whom was J. J. Roberts, of Sioux
F.Jls. South Iiakota. a member of
the lodge of that city.
From Tuesday's Jiaily.
The regular monthly meeting of
the county commissioners opened this
morning at the court house with all
three of the members present. Com
missioner C. V. Harris having reach
ed here this morning from Virginia,
where he has been on a visit to his
brother. The opening session was
largely occupied with reviewing the
claims against t lie county for t ie
spent i nionih. The commissioners also dis
Mr. !cu-ed i-ome needed repairs on bridtr-
es near Elmwood and Mudodck and
their repair was left in the hands of
the road supervisors in the districts.
The board has a number of import
art matters to come before them for
the enduing meeting and among
which is that of the appointment of
tie highway commissioner for the
tomiiig term.
The funeral services of Mrs. Kath
erine McHugh were held this morn
ing from the St. John's Catholic
church, and were attended by a large
number of the old friends in this city
as well as friends from Falls City.
South Bend and Murdock. to pay
their token of respect to the mem
ory of the departed friend.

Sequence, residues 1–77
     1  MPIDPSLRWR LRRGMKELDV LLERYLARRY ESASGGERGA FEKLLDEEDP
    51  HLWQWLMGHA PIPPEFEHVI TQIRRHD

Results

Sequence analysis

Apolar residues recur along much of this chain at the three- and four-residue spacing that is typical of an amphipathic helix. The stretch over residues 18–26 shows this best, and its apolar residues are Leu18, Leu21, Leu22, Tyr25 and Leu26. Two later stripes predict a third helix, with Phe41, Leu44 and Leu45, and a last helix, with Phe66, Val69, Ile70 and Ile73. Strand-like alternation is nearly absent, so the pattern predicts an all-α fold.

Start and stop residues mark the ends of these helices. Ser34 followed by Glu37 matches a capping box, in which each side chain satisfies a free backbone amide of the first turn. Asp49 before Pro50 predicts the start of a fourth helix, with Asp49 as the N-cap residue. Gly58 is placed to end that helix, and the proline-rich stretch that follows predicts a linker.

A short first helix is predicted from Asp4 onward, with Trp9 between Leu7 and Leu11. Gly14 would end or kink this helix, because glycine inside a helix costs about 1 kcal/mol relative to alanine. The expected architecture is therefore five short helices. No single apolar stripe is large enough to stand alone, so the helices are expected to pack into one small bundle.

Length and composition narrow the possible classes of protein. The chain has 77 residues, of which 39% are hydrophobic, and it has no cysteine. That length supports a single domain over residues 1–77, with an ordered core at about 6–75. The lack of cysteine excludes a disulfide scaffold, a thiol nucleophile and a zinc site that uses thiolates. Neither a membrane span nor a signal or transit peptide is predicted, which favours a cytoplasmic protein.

The mass was celebrated by Rev.
Father Shine, rector of St. John's
while the sermon was delivered by
Father Hoffman of Falls city, lector
of the church of which Mrs. McHugh
had been a communicant in the hist
few years. During the- service sev
eral very beautiful musical numbers
were given by Miss Opal Fitzgerald,
v. ho sang "Fae to Fare" and "Near
er My God to Thee " and Mrs. Howard
P .Ralya who sang "I Am a I'il
v vim."
The wealth, of beautiful flowers
laid en the bier spoke of the deep
feeding of regret that the community
ha- felt in the loss of this splendid
The burial was bad at the C.-th-olic
cemory where the- husband is
re"-tinr in the last long sleep. The
pall be-irer- were N-al Rawley of
Falls City. Aueu-t Cioidt. John W.
Crabill. Rohrrt. Tom and Leonard
Among those out of the city to ai
tend the funeral were-: Mr. and
.Mrs. R. P. Lun". Gus Heller. Charles
C.agnor. Neal Rawley. Falls City:
Mrs. E. E. Marr and Mrs.
.Atchison. Kansas: Mr.
Ch;rb-- Hill of Lincoln:
Mrs. W. J. O'Brien and F
man of South Bend.
Poker of
and Mrs.
Mr. and
A. Neu-